Massive powwow converges in aftermath of DAPL protests (PHOTOS, VIDEOS)
The 34th annual Gathering of Nations began Thursday at the Expo New Mexico in Albuquerque. The venue, which is also home to the New Mexico State Fair, will host the tens of thousands of visitors who attend the event every year.
"It's going to have its growing pains. It's a change," Larry Yazzie, the event’s official announcer, told the Associated Press. "But I think a lot of people are excited to see the new place, and we will have a lot of dancers ready to compete."
Yazzie told AP that the gathering is intended to be non-political, but they will acknowledge the “water protectors” who attend the event.
“There will be plenty of people there who have been to North Dakota,” Yazzie said. “The spirit will be there.”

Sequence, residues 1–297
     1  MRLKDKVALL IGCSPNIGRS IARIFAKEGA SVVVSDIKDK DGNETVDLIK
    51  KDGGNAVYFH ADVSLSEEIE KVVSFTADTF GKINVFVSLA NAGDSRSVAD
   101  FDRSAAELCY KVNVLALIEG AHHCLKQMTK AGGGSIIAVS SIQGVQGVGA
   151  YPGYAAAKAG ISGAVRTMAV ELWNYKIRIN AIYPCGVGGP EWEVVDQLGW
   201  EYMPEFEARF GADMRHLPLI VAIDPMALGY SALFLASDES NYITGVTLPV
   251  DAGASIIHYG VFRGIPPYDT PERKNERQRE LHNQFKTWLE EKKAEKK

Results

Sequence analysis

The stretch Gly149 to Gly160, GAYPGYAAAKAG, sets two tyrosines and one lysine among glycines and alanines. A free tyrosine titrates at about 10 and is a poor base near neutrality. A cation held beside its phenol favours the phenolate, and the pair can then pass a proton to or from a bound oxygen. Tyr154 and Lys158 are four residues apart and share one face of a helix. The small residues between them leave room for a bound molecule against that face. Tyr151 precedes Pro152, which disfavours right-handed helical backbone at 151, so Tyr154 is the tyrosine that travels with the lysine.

At the peak of the protests against the Dakota Access Pipeline, thousands of Native Americans traveled to North Dakota. Protesters set up camp where many lived for months. Several hundred “water protectors” were arrested during that time. In February, the protests ended after President Donald Trump ordered construction to resume on the pipeline.
The Gathering of Nations Powwow officially started in 1984 in a small arena at the New Mexico Fairgrounds. The event then moved to the University of New Mexico Arena for the next 30 years, where they maintained full capacity for years. In 2016 there were reportedly 80,000 visitors at the event.
This year, the event returns to the Expo New Mexico for the first time since 1986.
The event will kick off with the Miss Indian World contest and continue throughout the weekend with singing and dancing competitions featuring over 3,000 participants from hundreds of tribes across the US. The event will also have musical performances, an Indian Trader’s market and a Native food court.
For the first time, the gathering will be sponsored by Ultra Health, a medical marijuana developer and dispenser. There will be a cannabis and help workshop held by the company on Thursday, where visitors can learn about cultivation and dispensary operations on Native American lands.